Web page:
We always go to the same place to get Seb’s hair cut. It’s in our old hood on the east side of town. The ladies are always really nice. I was nervous the first time we went because I didn’t know how they’d react to Seb. They have different seats for kiddos to sit in, like in an airplane or on a pony. Seb can’t sit on his own so I knew he wouldn’t be able to sit in one of the fun chairs. So he sat on my lap. And we both wore fun capes. Although the stylist offered for me to hold him up in one of the fun seats, I knew we’d all be a lot happier if he sat on my lap. She asked a few questions and we had a nice chat. She shared a story about another child she knew with a disability, like a lot of folks do. It was his first hair cut at a salon so she took his photo and he got a certificate. It was a positive experience so I knew we’d be back.
Seb gets his hair cut twice, maybe three times a year. We like to let it grow long in the winter. He’s known for his wild and crazy hair at school and we all love it. But towards the end of the winter it starts to get too long. So long that when his hand goes up in a dystonic movement, it catches hold of his hair and a fist forms around it. If I’m not quick enough, he ends up with a handful of hair. Then we know it’s time for a hair cut. I always ask them not to cut it too short because I love his hair long, but they always do. Which is good really, even though I wish it didn’t need to be so.
Today was a perfect day to head over to the other side of town for the annual Spring hair cut. Sebastian’s on March Break from school this week, so we get to do fun stuff in the morning and afternoons, rather than stick to a routine of breakfast, school, home, lunch, nap, therapy, home, dinner, bath and bedtime. When we arrived there was a baby crying getting his first hair cut. Thankfully it didn’t alarm Seb too much and they were finished within minutes of our arrival.
Unfortunately the ladies from our previous visits were not working, so a new stylist set us up in the chair and then started with the usual questions, ‘Why can’t he sit up?’ ‘He has cerebral palsy.’ ‘Oh.’ Pity/sad face. Which I ignored and just smiled. I usually say something about how awesome he is and how it doesn’t matter that he has CP. Today, I just wanted to get his hair cut and get back out into the sunshine. She asked about where he goes to school (‘What do you do about school for him?’ Like, how can a kid like him go to school?) and whether he can talk. Whether he will ever talk. She doted on him and told him how cute he was. Well, maybe she told me how cute he was. I told her about the awesome INCLUSIVE school he goes to. He was doing a fabulous job sitting up in my lap. Holding his head up and pretty still, although he did like to try to see what she was doing. She was amazed at his ability to be so interested in what she was doing. Why do people think that because he can’t talk he’s not going to be interested in his surroundings?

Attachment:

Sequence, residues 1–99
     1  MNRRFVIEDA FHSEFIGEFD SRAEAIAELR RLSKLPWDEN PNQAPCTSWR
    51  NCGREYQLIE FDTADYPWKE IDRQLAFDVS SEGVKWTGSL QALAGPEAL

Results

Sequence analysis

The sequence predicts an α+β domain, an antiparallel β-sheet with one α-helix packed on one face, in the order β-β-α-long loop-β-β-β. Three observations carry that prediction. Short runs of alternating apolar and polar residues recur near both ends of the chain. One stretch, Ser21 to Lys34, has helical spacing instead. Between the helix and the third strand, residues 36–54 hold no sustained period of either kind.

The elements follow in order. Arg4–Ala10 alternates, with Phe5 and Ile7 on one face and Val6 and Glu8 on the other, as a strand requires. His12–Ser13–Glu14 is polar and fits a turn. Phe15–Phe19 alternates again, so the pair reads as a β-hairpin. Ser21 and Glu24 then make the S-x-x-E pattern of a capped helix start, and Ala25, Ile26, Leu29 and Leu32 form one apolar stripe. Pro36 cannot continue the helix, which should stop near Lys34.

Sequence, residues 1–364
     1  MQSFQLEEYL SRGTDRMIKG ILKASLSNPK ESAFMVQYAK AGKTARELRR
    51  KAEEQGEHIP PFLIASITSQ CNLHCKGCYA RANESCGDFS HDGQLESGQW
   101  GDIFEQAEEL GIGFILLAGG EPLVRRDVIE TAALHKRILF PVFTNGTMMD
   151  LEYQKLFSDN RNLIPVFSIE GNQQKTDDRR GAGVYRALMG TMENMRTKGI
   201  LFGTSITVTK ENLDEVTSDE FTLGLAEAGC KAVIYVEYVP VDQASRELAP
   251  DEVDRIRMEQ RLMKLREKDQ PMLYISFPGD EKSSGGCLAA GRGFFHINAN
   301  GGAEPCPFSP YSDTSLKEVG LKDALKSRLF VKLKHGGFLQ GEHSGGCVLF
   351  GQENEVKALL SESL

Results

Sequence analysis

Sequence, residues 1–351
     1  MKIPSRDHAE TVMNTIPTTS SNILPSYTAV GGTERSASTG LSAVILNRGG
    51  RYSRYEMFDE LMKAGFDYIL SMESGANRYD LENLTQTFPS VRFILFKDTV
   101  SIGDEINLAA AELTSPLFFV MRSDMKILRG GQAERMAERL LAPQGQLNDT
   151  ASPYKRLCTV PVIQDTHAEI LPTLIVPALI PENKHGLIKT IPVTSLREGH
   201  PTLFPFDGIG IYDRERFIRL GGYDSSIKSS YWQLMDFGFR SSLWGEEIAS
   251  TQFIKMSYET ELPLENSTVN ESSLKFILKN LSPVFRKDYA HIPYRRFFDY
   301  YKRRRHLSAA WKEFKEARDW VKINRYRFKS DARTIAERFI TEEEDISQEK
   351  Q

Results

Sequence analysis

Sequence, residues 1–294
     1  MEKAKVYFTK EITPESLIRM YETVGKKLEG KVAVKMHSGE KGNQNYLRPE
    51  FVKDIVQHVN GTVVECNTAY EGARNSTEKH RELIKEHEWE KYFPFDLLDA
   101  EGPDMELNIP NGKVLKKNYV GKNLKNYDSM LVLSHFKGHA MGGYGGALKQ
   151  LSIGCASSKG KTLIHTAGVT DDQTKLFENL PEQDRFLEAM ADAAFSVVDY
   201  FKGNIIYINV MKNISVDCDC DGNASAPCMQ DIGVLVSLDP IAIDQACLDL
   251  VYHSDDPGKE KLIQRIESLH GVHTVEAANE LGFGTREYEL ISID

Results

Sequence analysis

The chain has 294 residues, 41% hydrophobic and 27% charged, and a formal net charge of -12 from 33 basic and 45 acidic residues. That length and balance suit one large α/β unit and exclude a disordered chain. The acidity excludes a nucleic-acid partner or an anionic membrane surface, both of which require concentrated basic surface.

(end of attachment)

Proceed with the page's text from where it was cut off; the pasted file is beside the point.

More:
A woman came in with her son and his friend as as they looked at the toys and other items in the shop, she cooed over Seb, ‘Look at that cute baby getting his hair cut’. I cringed, wanting to tell her HE’S NOT A BABY. He’s almost 4. But I bit my tongue. I wanted to be able to come back here again and making a scene wouldn’t help. Ignoring her I told Sebastian what a big boy he was doing such a great job getting his hair cut. He smiled and tried to look up with his eyes to see his hair being cut. Cute.
The other stylist in the shop came over to chat. ‘What’s wrong with him,’ she asked. For those of you that think that is an acceptable way to approach a mother and her child, disability or not, IT’S NOT. I gritted my teeth and simply stated he had cerebral palsy. Hoping Seb was so interested in his hair cut that he did not hear her. Because nothing is WRONG with my son. You may wonder why I didn’t tell her that nothing is wrong with him. Well, I had just listened to her discuss her family problems a few minutes prior which included her sister really being her mother and a number of other V.C. Andrews type story lines. As a CP mom, I tend to pick and choose the lucky folks who get the good conversations about my son. I did not choose her.
Moments later I was happy with my decision as she decided to tell me a story about twin girls her sister (mom?) used to babysit and the younger one had muscular dystrophy. Because, either that is the same thing as cerebral palsy, or she didn’t hear me in the first place and picked something she was more familiar with. The conversation ended when she asked how much he comprehends. I looked her right in the eyes and said, ‘Everything.’ Perhaps I made my point after all. She then let him know how cute he was. Of course. Because kids with disabilities are really much cuter than typical kids. Or because people just don’t know what else to say. I’m partial, but I do believe Sebastian is cuter than your average kid. 🙂
I am an advocate for my child. I am happy to educate others about his cerebral palsy and talk about how awesome he is. But sometimes I wish I didn’t have to. Sometimes I wish I could just take Sebastian for a hair cut without having to explain to each new stylist why my son cannot sit on his own or why he doesn’t talk, but does understand everything you say. And that he’s not a baby. I want people to see him for the adorable, smart, inquisitive child he is. Will we go back? Yes. But next time, I will make sure I make an appointment with the first woman we had. Because she was the reason we went back in the first place.